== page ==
Admission is free and open to all, with refreshments (including wine and beer) courtesy of Mongabay / the Bay Area Tropical Forest Network.
Carnegie Institution’s Department of Global Ecology conference room
260 Panama St,
Stanford, CA 94305
BATFN has been on hiatus the past few months, but we’re getting ready for some meetings in coming months. In the meantime, we’ll highlight a few events that may be of interest to members.
Forests lost and found: deforestation control and forest resurgence in Latin America – Susanna B. Hecht
Hosted by the Carnegie Institution for Science – Department of Global Ecology
Latin American forests express complex trends and none are more startling than the decline of deforestation in Amazonia by some 80%, and forest recovery in many regions which, like El Salvador, were described as places where nature “had been extinguished.” This lecture explores the politics, political ecologies and policies to limit deforestation, and the complex dynamics of the forest transition ranging from remittances, urbanization and social movements and the complex ways in which these unfold in globalized landscapes.
Dr. Susanna B. Hecht is professor in the Luskin School of Public Affairs and Institute of the Environment at UCLA. She is also Professor of Environmental History at the Graduate Institute for International Development in Geneva. Her work has focused on the political ecology of development in Amazonia and Central America as well as their environmental history. Her work engages the politics of development, indigenous knowledge, Agroecology systems, forest transitions, and social, ideological and historical structures of tropical sciences. The author of numerous articles, and many books and edited volumes (including the recent “Social Lives of Forests” her recent book, “The Scramble for the Amazon and the Lost Paradise of Euclides da Cunha” was the 2015 Winner of the Melville Prize for the best book in Latin American Environmental History, by the American Historical Association.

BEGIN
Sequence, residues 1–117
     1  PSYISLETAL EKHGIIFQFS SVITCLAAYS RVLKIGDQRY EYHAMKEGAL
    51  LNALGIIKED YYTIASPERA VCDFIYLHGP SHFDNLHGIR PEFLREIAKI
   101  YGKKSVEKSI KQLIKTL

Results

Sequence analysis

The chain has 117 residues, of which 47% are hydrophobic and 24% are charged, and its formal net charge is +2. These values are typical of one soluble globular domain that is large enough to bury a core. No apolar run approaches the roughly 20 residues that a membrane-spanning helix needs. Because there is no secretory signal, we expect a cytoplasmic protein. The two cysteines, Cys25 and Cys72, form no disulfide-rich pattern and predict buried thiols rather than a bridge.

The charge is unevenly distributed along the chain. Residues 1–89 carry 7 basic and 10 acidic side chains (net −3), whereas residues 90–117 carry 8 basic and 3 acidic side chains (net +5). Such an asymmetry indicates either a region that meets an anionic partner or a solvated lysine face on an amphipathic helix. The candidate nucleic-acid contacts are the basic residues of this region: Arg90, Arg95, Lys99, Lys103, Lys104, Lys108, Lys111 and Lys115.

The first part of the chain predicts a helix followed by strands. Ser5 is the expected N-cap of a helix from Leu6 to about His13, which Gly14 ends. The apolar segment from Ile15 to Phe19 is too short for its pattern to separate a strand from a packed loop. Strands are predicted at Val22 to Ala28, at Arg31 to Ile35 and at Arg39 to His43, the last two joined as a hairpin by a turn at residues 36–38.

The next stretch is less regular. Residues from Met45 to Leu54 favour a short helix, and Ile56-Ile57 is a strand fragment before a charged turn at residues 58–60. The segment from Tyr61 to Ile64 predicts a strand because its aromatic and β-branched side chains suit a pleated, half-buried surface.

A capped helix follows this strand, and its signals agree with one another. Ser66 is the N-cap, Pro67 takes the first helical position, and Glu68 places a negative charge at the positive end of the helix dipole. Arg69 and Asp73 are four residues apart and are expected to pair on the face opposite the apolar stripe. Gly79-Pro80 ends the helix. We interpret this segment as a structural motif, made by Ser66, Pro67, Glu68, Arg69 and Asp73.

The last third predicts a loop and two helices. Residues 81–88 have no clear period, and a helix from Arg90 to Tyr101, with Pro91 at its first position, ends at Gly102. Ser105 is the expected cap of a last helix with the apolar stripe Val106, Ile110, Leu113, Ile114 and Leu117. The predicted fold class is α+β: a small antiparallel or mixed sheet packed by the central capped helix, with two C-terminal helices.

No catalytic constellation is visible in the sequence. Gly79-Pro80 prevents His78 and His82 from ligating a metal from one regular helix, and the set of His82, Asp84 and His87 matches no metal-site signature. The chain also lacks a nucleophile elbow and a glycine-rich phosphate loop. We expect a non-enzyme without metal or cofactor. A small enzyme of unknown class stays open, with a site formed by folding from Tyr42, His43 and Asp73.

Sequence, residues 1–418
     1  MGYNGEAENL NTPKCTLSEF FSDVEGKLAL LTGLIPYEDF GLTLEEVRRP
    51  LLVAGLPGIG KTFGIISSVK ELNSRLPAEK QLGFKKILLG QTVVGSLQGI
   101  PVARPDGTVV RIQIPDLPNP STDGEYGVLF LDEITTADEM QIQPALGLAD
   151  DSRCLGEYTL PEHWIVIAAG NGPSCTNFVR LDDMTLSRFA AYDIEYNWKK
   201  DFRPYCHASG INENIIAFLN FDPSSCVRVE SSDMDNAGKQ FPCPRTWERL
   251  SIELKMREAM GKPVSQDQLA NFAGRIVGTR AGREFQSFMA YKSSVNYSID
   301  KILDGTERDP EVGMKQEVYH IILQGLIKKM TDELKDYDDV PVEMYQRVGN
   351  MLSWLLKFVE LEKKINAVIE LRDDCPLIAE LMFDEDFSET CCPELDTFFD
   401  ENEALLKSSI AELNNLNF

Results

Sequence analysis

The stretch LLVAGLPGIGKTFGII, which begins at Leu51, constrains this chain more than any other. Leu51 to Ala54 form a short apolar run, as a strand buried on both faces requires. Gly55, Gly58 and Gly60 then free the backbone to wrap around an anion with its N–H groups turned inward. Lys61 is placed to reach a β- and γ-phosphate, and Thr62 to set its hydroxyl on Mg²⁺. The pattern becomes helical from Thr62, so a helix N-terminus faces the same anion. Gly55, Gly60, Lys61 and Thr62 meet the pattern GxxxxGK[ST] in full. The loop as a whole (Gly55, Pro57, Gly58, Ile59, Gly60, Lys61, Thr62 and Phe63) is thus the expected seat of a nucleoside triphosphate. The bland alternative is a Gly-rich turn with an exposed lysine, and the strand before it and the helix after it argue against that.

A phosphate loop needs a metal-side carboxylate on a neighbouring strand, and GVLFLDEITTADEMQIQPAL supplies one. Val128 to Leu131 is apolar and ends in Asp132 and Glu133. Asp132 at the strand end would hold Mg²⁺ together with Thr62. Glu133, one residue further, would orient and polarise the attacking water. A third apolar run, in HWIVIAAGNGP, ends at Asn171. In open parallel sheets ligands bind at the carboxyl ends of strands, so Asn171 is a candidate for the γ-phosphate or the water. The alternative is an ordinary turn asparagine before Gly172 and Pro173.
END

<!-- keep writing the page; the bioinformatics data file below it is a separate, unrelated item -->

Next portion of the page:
Tuesday, May 24, 2016.
4:00 pm – 5:00 pm
Turing Auditorium at Stanford University, CA
The June 2014 BATFN will take place from 6pm-8:30pm Jun 19 at the Carnegie Institution complex (260 Panama St, Stanford, CA 94305). The event is open to the public.
We’re pleased to announce that Sharon Smith of the Union of Concerned Scientists will present “Deodorant, Diet, Dollars—Recent Successes in Reducing Deforestation”.
Description: In the 1990s, deforestation was consuming 16 million hectares a year—an area about the size of the state of Georgia—and was responsible for about 17 percent of the global warming pollution that threatens the world with dangerous climate change. But today the pace of deforestation is down; effective programs and policies—driven by individuals, communities, national governments and the private sector—have contributed to positive impacts for forest conservation, socioeconomic development and land-use changes. Sharon Smith, campaign manager of the Tropical Forest and Climate Initiative at UCS, and Peter Frumhoff, director of science and policy at UCS, will discuss the organization’s work—and biggest recent tropical forest victories–centered on commodity markets and international finance for tropical forest conservation.
If you plan to join us, please RSVP via this form or the Facebook event page.
We hope to see you there!
The next BATFN will take place April 27, 2014 at 4pm in Herrin T-175 at Stanford University. The event is open to the public.
This is a co-event held with the Stanford Center for Conservation Biology featuring a talk by William F. Laurance:
The 21st century will see an unprecedented expansion of roads, with at least 25 million kilometers of new paved roads anticipated by 2050. Nine-tenths of all road construction is projected to occur in developing nations, including many regions that sustain exceptional biodiversity and vital ecosystem services. Roads penetrating into remote or frontier areas are a major proximate driver of habitat loss and fragmentation, fires, overhunting, and other environmental degradation, often with irreversible impacts on native ecosystems. Unfortunately, much road proliferation is chaotic or poorly planned and the rate of expansion is so great that it is overwhelming the capacity of environmental managers. In this talk I will describe a global scheme for prioritizing road building. This large-scale zoning plan seeks to limit the environmental costs of road expansion while maximizing its potential benefits, especially for agriculture. Our model identifies areas with high environmental values where future road building should be avoided, areas where strategic road improvements could markedly increase agricultural yields with modest environmental costs, and ‘conflict areas’ where road building could have sizable benefits but with serious environmental damage. This scheme provides a template for proactively zoning and prioritizing roads during the most explosive era of road expansion in human history.
Refreshments served at 3:45pm